Stones in Water by Donna Jo Napoli: Roberto and his friends are taken from their Italian town by German soldiers and sent to a work camp deep in Nazi occupied Europe.  Struggling to survive and to protect his best friend, Roberto must find the courage to finally fight for his freedom.  An excellent book.  There is a sequel, Fire in the Hills, that I am eager to read.

Book Overload

08th October 2009

The stack of books on my desk, waiting to be reviewed, is insurmountable.  I will never get to them all.  So for the sake of time, I need to do a combo post.  Here are the books I’ve been reading the past few weeks.  Most of them have been fantastic:

The Weight of Silence by Heather Gudenkauf–Two young girls are missing in the woods.  Told through multiple perspectives, the families work to find their girls, and one of the girls, Callie, works to regain her voice.  I had a hard time putting this one down.

Day After Night by Anita Diamant–A fictional account of the October 1945 rescue of Jewish detainees from the Atlit internment camp in Israel.  A grim reminder that the plight of the Jews didn’t end with the surrender of Germany.

The Road of Lost Innocence by Somaly Mam–The autobiographical account of Somaly Mam, who was sold into prostitution in Cambodia as a young girl, was able to escape, and returned to help other girls.  An amazing and heartbreaking story that continues today.

While I’m Falling by Laura Moriarty–A college student and her mom try to figure life out.  I love the way Moriarty writes about mother-daughter relationships.

Blood on the River: James Town 1607 by Elisa Carbone–A fictional account of Samuel Collier, page to Captain John Smith and his journey to Jamestown.  I read this after having visited Jamestown Settlement.  The book brings the familiar story to life.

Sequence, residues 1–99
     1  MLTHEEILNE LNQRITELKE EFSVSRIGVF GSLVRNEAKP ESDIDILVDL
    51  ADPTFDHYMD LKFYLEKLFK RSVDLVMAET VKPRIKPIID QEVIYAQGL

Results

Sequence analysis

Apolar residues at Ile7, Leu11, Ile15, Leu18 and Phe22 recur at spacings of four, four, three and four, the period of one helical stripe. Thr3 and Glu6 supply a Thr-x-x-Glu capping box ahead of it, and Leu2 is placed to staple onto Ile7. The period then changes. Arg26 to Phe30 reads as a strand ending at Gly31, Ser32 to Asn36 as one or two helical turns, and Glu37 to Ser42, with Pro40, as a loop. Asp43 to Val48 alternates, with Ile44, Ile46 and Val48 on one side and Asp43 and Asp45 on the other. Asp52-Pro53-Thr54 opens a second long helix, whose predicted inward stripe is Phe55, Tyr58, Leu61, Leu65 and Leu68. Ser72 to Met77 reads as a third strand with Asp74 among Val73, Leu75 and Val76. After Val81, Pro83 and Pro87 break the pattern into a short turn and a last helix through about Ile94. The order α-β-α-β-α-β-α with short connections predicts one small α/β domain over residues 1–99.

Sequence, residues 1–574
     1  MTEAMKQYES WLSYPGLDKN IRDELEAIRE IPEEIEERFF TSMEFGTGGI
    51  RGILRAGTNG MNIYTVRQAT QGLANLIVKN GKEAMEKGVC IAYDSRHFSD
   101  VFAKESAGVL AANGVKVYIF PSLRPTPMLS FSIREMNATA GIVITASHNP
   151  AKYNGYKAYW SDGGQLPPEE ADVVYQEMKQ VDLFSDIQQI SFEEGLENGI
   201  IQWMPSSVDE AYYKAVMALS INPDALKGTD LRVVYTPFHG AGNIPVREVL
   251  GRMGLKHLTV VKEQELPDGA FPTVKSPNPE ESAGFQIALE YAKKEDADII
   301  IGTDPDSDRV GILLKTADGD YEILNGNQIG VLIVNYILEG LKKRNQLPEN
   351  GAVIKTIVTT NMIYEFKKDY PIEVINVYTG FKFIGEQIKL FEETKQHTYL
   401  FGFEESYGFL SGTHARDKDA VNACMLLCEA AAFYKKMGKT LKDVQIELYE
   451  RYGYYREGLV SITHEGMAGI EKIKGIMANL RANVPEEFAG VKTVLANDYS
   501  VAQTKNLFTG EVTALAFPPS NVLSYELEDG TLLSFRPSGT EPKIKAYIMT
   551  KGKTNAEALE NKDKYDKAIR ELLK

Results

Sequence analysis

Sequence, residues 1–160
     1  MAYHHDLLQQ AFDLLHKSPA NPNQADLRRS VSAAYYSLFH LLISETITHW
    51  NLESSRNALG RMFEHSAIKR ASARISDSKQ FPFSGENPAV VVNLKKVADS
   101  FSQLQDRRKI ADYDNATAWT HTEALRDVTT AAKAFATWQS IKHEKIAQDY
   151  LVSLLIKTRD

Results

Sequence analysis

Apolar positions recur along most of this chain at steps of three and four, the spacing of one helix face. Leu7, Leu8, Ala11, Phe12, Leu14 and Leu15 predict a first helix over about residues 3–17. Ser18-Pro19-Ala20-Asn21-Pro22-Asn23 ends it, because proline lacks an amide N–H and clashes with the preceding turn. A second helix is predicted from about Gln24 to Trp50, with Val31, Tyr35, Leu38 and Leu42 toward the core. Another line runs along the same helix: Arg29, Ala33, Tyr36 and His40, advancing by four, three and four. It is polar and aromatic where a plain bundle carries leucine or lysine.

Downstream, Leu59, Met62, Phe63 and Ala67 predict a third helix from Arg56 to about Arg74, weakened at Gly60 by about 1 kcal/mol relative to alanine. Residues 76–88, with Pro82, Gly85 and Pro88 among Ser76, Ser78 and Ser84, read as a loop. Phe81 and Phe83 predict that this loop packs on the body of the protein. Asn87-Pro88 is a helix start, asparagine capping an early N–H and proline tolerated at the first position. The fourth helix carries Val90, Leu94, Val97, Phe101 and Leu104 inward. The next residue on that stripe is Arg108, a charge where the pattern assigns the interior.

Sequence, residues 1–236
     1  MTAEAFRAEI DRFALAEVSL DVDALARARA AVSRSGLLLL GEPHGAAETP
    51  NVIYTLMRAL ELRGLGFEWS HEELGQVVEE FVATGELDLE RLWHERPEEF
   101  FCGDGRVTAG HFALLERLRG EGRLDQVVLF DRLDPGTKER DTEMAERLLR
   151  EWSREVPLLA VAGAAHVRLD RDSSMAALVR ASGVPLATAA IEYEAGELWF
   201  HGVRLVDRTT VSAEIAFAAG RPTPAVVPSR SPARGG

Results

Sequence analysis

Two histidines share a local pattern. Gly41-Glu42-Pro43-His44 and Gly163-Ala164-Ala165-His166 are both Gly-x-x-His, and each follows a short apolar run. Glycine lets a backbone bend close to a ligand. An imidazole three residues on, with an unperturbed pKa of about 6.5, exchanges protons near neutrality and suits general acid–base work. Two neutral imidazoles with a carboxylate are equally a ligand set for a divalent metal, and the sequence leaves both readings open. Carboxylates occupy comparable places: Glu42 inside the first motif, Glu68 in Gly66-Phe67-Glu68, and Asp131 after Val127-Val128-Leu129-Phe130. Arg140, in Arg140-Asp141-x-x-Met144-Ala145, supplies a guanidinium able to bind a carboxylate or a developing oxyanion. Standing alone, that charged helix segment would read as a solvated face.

The Last Book in the Universe by Rodman Philbrick–I can’t believe I didn’t discover this book earlier!  A love of reading and writing saves a dystopic civilization.  Great book.

Lost and Found by Andrew Clements–Twin brothers take turns going to school, and in the process, discover who they are as individuals.  Not my favorite by Clements, but well done nonetheless.

Shackleton’s Stowaway by Victoria McKernan–One of the most amazing adventure stories I’ve ever read, based on the real journey made by Ernest Shackleton and his crew as they attempted to cross the Antarctic continent in 1914.  Highly recommended.

OK, so I got what I deserved reading this book.  When you read a “tell all” book written by a famous actress, you should expect the strange.  Spelling writes about what it’s like to raise children in the limelight.  She herself longed for, and never got, a “normal” childhood.  Now she’s trying to create an idyllic normal childhood for her children.  Someone should tell her that if you want “normal,” maybe you should cancel the reality show being filmed in your house.  Maybe you shouldn’t let your best friend (she calls him her “gay husband!”) sleep in your bed when your real husband is out of town.  Maybe you don’t need to spend an entire chapter documenting the “normal” Halloween costumes you and your kids wore one year.  Maybe you shouldn’t live in Hollywood.  Maybe you shouldn’t write “tell all” books!

Newer Posts »